There are many opportunities for camping, picnicking, hiking, fishing, hunting, and other outdoor activities in the Aurelia area. One such opportunity is to take advantage of the approximately 1000 acres of land devoted to parks provided by the CCCB (Cherokee County Conservation Board). These parks vary in development from modern camping sites with electricity to natural areas with no facilities at all. Following are examples of three of the CCCB’s parks. For a complete description of all the parks visit the CCCB’s website at



Larson Lake is a former gravel pit converted to a  5 acre lake within this 12 acre park located two miles east of Aurelia. A portion of the lake is devoted to Iowa’s Trumpeter Swan Restoration Program. These majestic waterfowl can be observed from their days of spring courtship through nesting and raising cygnets. They are present year-round and are fed and monitored by Conservation Board staff. The remainder of the lake is available for fishing. Bluegill, bass, crappie and catfish can be caught year round. Facilities include three picnic shelters, six charcoal grills, restrooms, a drinking water pump, and playground equipment.



Silver Sioux Recreation Area consists of 160 acres located approximately 20 miles from Aurelia. Amenities include a campground with modern and primitive campsites, including limestone camper pads and several pull-through sites. Water is currently available from hydrants and restrooms are limited to handicap-accessible pit toilets. Plans are well underway, however, for construction of a modern comfort station with showers.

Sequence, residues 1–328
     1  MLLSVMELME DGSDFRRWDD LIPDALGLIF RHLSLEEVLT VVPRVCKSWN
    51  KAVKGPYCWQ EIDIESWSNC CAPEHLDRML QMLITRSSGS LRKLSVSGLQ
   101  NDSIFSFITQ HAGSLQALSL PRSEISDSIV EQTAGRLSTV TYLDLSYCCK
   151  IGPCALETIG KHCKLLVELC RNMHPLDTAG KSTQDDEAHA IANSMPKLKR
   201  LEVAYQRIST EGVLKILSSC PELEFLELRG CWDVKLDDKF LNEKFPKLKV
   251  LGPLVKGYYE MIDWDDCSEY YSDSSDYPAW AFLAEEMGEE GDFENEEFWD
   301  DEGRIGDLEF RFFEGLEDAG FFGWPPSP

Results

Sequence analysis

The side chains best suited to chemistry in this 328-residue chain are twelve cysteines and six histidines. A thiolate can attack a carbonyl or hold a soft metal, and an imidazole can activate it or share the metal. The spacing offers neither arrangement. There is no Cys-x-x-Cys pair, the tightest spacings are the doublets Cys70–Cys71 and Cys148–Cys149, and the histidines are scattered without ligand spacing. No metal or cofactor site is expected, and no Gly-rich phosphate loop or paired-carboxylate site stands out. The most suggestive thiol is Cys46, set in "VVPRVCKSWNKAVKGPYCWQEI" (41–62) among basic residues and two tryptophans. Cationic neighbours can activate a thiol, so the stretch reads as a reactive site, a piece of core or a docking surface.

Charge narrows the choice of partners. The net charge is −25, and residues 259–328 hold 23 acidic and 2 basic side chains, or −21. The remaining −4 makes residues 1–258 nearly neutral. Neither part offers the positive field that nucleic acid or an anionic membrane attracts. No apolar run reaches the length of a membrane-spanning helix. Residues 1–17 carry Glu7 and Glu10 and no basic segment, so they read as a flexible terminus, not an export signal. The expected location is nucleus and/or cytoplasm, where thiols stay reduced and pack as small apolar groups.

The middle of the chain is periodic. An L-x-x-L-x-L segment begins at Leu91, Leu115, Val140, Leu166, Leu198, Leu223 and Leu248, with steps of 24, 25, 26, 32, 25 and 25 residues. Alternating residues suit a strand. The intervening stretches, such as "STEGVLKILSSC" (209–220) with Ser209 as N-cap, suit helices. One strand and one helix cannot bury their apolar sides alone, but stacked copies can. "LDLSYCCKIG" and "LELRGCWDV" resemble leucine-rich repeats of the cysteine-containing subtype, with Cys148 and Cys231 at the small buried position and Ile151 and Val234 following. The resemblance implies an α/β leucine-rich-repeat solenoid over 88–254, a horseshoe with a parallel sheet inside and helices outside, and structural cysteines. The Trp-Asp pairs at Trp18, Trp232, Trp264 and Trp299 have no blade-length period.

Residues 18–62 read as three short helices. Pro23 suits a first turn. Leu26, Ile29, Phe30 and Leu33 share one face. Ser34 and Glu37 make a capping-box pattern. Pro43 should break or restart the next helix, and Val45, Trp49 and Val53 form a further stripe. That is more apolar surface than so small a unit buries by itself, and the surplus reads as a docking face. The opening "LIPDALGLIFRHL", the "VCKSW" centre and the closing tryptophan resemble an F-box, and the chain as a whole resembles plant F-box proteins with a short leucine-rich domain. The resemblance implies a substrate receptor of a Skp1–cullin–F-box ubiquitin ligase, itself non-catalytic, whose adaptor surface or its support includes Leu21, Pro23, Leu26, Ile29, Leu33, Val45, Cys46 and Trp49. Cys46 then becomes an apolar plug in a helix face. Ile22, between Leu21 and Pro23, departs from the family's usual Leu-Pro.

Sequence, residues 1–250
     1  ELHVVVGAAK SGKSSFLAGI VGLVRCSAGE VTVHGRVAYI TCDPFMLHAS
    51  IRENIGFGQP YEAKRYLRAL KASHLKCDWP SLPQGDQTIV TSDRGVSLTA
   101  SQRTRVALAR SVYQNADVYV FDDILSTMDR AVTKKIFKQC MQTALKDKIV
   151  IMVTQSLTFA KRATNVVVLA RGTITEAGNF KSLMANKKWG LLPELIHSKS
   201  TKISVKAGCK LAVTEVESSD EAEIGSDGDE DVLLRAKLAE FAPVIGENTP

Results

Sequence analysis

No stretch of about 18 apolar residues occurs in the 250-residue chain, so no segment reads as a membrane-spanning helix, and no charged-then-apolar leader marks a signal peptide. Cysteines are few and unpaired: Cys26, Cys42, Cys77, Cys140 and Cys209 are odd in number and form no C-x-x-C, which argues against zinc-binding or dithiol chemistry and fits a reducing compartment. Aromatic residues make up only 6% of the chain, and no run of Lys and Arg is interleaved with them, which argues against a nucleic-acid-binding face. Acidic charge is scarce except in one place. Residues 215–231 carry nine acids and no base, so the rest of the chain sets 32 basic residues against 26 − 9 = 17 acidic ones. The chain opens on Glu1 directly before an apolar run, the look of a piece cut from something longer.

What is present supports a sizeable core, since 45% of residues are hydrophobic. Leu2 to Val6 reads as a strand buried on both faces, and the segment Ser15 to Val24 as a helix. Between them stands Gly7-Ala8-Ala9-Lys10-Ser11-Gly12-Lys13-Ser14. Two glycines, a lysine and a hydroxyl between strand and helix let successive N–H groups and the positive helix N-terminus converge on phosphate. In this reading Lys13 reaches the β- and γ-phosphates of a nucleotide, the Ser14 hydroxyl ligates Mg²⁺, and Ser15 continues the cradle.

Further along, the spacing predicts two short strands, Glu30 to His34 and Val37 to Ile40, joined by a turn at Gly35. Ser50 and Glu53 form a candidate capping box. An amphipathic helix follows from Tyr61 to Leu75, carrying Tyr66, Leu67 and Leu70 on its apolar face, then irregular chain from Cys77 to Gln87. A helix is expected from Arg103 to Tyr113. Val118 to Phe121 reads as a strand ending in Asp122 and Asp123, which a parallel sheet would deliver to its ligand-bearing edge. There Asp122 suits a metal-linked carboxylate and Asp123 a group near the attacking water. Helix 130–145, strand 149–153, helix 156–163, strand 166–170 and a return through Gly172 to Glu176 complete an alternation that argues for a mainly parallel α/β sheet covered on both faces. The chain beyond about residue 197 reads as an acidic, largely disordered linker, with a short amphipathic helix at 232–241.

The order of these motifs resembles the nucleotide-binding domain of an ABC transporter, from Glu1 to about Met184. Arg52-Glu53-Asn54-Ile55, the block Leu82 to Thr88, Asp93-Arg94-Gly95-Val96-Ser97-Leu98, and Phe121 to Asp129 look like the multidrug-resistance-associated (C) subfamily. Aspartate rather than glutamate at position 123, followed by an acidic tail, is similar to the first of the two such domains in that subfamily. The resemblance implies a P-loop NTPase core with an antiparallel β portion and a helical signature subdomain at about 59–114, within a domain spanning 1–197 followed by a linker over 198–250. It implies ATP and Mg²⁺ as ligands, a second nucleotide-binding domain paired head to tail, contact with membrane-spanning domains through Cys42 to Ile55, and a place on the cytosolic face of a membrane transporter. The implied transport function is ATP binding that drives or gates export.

Silver Sioux Recreation Area features two facilities available for rental by larger groups. A large open loafing barn, built in the early 1900s for a dairy operation, is popular for reunions and weddings or other special events; and the Lodge, a smaller enclosed building with a large central fireplace. 

In addition, trails wind through the woodlands, over footbridges crossing natural springs, and through tallgrass prairie for breathtaking views of the Little Sioux River valley. Fishing access is available along nearly a mile stretch of the Little Sioux River. Fishing here is excellent for catfish and walleye due to the spring-fed flow of Silver Creek into the river. The area also features a concrete boat ramp on the Little Sioux, and is a designated stop on the regional Inkpaduta Canoe Trail.

Hunting is permitted from October 1 through April 30. All state and federal hunting regulations apply.



Martin Area consists of 202 acres of beautiful river valley habitat in northeastern Cherokee County, approximately 10 miles from Aurelia. The area contains three primitive camping areas, additional individual picnic shelters, river access for anglers and canoeists, along with scenic hiking trails through prairie, savanna and woodland habitats. Water pumps and handicap accessible pit toilets are available throughout the park. Snowmobiling and horseback riding are permitted on roads within the park. Martin Area is excellent for bird watching, mushroom and berry picking, and cross-country skiing.

Hunting is permitted from October 1 through April 30.